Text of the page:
Tag Archive for knowledge

Breaking Catholic: Part 4–First Hand

 

 

I received a Bible, probably at about age 9 or so, in Catholic Sunday School, or CCD as we called it.  (This has now been changed to PSR, most likely because “Parish School of Religion” is much easier for a grade-schooler to say than “Confraternity of Christian Doctrine.”)  By then, it was already too late for me.  But it wouldn’t have mattered anyway.  The Bible was something we carried to CCD, not something we actually used.

 

Without studying the Bible first hand, you don’t really know anything about the real Jesus, his inner circle of disciples, and how they gave birth to what is now known as Christianity.  It wasn’t until I actually started to read the Bible that I realized that most of what I thought I knew about had been shaped not by the Church, but by popular culture.  What faith I had was based not on the gospels of Matthew, Mark, Luke and John, but on that of Cecil B. Demille and Andrew Lloyd Webber.

 

As our pastors at Cherry Hills say, “You can’t be deeply influenced by something you don’t know.”  The significance is that you can’t live out Jesus’ teachings without having read them yourself.  And even reading about the teachings isn’t enough, because that’s just head knowledge.

 

But the Catholic Church doesn’t even allow for the head knowledge!  If you can’t even go that far, then you are NEVER going to get to the place where head knowledge becomes heart-changing, life altering Truth.

 

And here is where Catholicism begins to break down completely.  Catholics, historically, have not been encouraged to read the Bible.  According to Monsignor Daniel Kutys:

Until the twentieth Century, it was only Protestants who actively embraced Scripture study.  That changed after 1943 when Pope Pius XII issued the encyclical Divino Afflante Spiritu.  This not only allowed Catholics to study Scripture, it encouraged them to do so.[i] 

 

Although the pope issued this encyclical 70 years ago, there has not been much trickle-down to the laity (i.e. the folks in the pews).  According to a 2012 survey commissioned by the Bible Society, in partnership with the Catholic Bishops’ Conference of England and Wales, 57% of churchgoing Catholics don’t read the Bible week-by-week outside of a Church setting.[ii]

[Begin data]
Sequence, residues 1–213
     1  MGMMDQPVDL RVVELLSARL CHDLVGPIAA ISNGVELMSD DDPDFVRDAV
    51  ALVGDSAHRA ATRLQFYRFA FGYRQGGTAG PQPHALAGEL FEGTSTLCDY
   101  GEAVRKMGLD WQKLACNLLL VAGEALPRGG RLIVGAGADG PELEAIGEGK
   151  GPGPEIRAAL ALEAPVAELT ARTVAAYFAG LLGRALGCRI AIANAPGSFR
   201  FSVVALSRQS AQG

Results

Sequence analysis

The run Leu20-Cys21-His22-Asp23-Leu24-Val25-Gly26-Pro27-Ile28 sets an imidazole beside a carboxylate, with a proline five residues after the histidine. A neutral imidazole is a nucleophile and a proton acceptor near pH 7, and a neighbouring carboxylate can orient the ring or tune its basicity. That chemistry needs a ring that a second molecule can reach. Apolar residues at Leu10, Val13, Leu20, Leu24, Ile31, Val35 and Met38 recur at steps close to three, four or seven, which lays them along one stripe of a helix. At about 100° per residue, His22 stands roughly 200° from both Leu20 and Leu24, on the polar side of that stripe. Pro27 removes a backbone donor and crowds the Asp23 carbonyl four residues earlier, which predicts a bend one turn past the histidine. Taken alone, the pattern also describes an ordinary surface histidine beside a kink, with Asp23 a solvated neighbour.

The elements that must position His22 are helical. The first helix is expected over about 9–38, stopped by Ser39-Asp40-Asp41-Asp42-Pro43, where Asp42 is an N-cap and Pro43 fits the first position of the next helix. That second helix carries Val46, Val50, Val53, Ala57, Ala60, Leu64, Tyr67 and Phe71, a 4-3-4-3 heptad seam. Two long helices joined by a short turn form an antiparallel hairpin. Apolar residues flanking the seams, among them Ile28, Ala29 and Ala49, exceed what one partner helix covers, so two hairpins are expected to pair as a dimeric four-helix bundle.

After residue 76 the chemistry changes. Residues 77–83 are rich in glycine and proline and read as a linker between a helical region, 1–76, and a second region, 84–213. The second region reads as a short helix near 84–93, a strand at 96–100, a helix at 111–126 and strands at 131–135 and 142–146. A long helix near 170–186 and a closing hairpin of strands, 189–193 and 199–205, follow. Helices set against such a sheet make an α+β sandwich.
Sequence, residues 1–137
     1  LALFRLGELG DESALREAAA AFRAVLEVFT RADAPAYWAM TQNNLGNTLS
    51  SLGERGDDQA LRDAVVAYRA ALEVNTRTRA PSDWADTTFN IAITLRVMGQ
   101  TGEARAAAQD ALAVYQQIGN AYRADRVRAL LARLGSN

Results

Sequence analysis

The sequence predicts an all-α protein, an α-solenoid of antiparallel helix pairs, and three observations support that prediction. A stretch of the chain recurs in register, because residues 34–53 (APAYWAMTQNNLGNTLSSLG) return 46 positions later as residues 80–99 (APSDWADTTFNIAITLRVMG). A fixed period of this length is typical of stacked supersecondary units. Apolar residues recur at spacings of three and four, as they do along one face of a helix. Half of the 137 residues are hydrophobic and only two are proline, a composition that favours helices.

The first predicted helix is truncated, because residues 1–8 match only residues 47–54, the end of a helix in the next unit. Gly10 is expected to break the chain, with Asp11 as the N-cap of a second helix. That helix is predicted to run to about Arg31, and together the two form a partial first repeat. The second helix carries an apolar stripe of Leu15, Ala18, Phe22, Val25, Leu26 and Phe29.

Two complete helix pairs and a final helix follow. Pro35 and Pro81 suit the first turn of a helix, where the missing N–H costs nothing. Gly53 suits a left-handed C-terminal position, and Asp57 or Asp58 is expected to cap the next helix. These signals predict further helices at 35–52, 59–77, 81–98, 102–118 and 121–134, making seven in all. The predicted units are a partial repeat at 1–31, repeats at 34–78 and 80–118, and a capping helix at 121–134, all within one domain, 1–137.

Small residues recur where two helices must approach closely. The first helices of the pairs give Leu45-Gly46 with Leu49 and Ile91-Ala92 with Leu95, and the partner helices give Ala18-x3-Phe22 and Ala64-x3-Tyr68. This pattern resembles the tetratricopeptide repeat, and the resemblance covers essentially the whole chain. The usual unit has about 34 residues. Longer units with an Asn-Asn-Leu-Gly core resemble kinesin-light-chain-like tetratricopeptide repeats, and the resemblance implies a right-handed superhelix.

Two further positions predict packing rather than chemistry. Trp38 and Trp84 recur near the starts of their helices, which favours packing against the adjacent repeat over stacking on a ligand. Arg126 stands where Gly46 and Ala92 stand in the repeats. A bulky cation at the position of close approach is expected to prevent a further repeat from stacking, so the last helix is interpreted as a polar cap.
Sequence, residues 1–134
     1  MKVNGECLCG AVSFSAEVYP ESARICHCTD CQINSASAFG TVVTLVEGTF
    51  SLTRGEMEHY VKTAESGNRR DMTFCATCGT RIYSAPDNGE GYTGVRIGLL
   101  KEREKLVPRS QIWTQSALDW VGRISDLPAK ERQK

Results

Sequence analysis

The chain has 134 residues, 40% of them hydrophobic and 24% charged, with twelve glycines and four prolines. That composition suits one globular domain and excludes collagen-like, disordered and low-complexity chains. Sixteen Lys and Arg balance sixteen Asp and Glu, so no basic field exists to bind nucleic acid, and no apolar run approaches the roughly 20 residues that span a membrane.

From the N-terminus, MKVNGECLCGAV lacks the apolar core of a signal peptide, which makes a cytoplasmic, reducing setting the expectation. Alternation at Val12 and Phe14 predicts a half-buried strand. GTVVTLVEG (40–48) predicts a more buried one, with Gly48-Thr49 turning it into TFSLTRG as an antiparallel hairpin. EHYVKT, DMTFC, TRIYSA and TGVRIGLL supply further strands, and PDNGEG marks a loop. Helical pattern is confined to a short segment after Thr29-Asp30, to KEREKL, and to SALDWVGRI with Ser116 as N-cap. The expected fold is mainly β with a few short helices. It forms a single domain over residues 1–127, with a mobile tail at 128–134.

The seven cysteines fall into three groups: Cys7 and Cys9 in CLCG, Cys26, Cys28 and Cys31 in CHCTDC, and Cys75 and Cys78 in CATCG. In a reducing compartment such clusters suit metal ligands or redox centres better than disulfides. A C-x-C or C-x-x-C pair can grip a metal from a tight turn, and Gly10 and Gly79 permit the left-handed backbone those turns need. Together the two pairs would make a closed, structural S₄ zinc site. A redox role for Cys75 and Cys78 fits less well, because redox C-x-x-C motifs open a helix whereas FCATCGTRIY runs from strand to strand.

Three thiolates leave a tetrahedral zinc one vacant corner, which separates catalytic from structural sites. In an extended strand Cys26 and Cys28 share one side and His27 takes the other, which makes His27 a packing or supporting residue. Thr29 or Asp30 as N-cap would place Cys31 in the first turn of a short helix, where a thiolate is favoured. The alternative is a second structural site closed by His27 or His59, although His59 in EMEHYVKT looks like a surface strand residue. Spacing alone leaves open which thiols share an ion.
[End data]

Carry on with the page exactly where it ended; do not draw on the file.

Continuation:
Since the Second Vatican Council in the 1960’s (known as Vatican II), the Catholic church has been on a mechanical three-year cycle of readings, called the Lectionary, in which they tell their followers that at the end of the three-year cycle, they will have covered all of scripture.  Therefore, a faithful Catholic who attends mass every Sunday is under the impression that after three years, they have had the entire Bible read to them.

 

This is dangerously false.  According to the Catholic Lectionary Website, only 27.5 % of the verses in the Bible are covered by the Lectionary.  And that’s if you go to mass EVERY DAY!  If you’re only meeting your minimum obligation of every Sunday and Feast day, that figure drops to 12.7%.

 

Understand, this is only since Vatican II, when the Magisterium began openly encouraging Bible study.  Before that, when the mass was in Latin and only had two readings instead of three, the figures are even more shocking.  Only 4.7% of the Bible was covered.  Forty-five of the 73 books in the Catholic Bible were ignored completely, including all of the Historical and Wisdom books of the Old Testament and the book of Revelation.  [iii]

 

But even if the Bible were being covered completely in the 3-year span, it wouldn’t matter to the congregation, because how is the Bible going to sink in if you’re having it read TO you?

 

Actually, that is possible in certain situations.  For example, back in the Middle Ages, when most people were illiterate, the only way they could obtain knowledge from the Bible or any other book was to have someone read it to them.  Indeed the worldwide literacy rate today is not much above 40%, with the exceptions of course being in developed nations such as our own.

 

If you were one of those people who could not read, then you would be ready to receive whatever was read to you, because you would know it was the only way you were going to learn.  Your receptiveness would be even more acute if you were prepared specifically to hear what was in the Bible.

 

But this is overwhelmingly not the case in 21st-century America.  I don’t know ANY Catholic who goes to church to hear what is in the Bible (there may be some, but I haven’t met them).  They go because it’s what you do on Sunday (or Saturday night).  It is all part of the tradition (more on this in Part 6).